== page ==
It’s awkward, if not heart-wrenching! And how do you say no to an adorable six year old?
You don’t necessarily have to, but you need to know it’s entirely your choice to give and you shouldn’t feel bad for politely declining.
Some of us like to have the flexibility to make spontaneous donations, and others prefer to plan everything out. I don’t think there’s a right or wrong way to approach giving styles.
If you enjoy spontaneous giving, then be sure to budget an amount for this every month. Feel free to give to whatever opportunities come up, but when that flexible giving money is gone, then you have a tougher decision to make.
Do you wish to use your personal spending money to give to this cause? Ask yourself if you are giving joyfully, or if you’re feeling guilty if you don’t give. Guilt isn’t a good enough reason.
I have a very strict rule about lending money. I don’t do it. Ever. For anyone. Under any circumstance. I don’t believe in debt, so why would I become someone’s creditor?
However, I’ll give money as a gift under three conditions.
I still need to be able to reconcile the budget. I don’t believe there is a situation in which God will call me to go into debt.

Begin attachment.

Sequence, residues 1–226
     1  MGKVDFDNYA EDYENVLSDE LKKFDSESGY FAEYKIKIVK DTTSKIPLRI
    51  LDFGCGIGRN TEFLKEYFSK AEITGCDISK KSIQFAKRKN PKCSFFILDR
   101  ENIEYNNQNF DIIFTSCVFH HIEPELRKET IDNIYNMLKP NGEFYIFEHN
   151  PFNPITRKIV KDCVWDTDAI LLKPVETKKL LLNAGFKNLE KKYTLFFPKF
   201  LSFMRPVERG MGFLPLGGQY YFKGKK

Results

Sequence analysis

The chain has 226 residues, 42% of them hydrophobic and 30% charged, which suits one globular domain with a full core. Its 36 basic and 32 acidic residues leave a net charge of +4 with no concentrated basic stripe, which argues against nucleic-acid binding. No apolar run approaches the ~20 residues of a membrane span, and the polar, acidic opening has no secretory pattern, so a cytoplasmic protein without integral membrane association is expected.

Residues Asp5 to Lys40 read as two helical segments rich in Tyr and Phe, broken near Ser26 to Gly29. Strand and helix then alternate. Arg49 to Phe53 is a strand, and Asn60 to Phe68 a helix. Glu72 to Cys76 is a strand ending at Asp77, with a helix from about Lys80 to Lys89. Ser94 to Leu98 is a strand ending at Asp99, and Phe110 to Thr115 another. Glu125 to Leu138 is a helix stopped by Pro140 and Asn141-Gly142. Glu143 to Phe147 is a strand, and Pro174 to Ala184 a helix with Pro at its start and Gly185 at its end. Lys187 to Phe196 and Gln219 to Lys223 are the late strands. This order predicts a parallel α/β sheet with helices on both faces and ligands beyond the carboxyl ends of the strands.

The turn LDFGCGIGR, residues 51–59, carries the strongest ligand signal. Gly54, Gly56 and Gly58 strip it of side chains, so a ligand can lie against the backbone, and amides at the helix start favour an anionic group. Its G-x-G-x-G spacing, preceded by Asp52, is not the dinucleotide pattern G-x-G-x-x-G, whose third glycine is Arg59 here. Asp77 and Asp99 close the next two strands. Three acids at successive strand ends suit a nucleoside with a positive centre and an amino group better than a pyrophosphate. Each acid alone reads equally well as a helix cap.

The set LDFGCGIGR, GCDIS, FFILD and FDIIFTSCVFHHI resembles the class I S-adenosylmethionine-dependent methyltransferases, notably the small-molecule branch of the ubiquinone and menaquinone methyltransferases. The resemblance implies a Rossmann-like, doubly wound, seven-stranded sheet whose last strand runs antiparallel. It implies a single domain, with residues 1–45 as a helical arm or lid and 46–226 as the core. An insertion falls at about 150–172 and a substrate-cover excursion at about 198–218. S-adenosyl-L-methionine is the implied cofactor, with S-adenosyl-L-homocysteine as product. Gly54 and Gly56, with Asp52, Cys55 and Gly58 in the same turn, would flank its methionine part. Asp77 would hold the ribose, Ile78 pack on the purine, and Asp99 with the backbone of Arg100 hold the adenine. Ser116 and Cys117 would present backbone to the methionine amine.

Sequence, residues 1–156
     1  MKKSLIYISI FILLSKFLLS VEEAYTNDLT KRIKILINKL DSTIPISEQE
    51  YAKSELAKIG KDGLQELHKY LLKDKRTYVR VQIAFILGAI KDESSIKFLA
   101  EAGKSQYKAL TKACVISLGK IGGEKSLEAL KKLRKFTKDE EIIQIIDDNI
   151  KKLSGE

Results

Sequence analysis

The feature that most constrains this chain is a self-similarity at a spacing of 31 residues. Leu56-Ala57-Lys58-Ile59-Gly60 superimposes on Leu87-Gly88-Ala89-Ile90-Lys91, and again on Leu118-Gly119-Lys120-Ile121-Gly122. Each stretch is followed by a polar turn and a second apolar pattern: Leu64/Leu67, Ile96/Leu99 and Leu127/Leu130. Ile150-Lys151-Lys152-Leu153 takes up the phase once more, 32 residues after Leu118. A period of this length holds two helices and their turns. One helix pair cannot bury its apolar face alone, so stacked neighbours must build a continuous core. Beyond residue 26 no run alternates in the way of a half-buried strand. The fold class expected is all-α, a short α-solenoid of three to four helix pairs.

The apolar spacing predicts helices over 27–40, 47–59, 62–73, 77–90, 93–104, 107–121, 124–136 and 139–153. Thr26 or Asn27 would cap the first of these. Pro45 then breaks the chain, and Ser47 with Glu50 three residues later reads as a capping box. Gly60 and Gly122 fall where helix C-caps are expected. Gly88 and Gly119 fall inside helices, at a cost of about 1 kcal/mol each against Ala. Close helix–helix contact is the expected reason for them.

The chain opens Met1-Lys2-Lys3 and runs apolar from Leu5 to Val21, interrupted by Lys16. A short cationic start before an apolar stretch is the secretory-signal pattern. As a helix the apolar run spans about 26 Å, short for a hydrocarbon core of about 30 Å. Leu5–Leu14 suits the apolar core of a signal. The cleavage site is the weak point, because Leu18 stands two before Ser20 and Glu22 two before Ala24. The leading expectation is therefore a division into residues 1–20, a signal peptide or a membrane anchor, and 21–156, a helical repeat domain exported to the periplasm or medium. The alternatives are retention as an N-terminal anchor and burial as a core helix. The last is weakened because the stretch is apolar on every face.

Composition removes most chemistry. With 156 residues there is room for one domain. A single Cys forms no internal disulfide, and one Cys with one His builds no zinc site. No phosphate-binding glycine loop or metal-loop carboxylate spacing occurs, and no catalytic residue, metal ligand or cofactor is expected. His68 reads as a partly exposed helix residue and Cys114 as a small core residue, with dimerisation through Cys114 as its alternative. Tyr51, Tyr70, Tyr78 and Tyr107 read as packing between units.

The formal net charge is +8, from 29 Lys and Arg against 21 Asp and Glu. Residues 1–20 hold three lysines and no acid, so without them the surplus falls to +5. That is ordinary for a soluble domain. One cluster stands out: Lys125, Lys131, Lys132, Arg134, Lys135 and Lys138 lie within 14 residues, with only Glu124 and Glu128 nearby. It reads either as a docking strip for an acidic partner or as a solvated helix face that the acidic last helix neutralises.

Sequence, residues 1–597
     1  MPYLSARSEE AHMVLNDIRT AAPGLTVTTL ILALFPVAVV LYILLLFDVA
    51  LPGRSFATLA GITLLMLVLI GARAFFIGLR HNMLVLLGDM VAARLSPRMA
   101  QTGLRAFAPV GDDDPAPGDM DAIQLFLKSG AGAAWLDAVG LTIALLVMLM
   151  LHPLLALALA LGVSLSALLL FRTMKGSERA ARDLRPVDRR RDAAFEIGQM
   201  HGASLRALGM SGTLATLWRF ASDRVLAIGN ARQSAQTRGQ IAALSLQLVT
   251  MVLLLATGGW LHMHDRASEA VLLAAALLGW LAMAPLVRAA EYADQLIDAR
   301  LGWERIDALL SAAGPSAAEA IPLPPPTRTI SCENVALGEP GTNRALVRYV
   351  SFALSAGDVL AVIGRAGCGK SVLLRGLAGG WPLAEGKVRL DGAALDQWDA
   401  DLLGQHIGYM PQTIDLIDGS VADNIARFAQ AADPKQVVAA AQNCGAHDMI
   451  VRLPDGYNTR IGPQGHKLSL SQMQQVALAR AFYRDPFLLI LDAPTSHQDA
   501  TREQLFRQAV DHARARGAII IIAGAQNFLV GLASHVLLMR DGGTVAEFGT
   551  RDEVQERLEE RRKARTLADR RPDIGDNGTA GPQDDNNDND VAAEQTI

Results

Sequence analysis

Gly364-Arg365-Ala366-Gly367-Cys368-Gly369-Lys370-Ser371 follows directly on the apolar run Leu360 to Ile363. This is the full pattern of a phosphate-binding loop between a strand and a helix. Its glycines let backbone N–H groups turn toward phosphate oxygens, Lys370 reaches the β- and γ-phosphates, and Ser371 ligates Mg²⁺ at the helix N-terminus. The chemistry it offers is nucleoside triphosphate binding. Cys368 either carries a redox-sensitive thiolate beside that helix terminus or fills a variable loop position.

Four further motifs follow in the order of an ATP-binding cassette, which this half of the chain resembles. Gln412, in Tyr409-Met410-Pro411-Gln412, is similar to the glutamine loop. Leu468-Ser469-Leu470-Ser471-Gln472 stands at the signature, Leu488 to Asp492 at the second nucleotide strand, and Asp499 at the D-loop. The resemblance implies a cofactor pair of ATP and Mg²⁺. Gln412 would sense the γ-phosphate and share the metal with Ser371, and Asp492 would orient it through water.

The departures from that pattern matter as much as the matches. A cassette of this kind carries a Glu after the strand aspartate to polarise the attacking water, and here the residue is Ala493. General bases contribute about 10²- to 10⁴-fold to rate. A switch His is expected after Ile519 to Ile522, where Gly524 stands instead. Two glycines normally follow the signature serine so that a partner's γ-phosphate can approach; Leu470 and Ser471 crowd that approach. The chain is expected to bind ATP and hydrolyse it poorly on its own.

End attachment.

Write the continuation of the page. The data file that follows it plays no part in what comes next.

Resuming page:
Can I give this money joyfully, or do I feel a sense of guilt and obligation? If it’s the latter, I take time to think about why I feel obligated. Am I feeling pressured to take responsibility for a situation that I am not responsible for?
There are some situations in which giving money to someone is not wise. Enabling someone’s harmful choices or constantly rescuing them from the consequences of irresponsibility isn’t wise.
These are some guidelines but always listen to the Holy Spirit when you’re considering giving someone money! He always knows what’s best.
Have you ever experienced one of these awkward money situations, or had to have a discussion about money that was uncomfortable? What advice do you have for handling these sticky situations? Leave a comment below to share.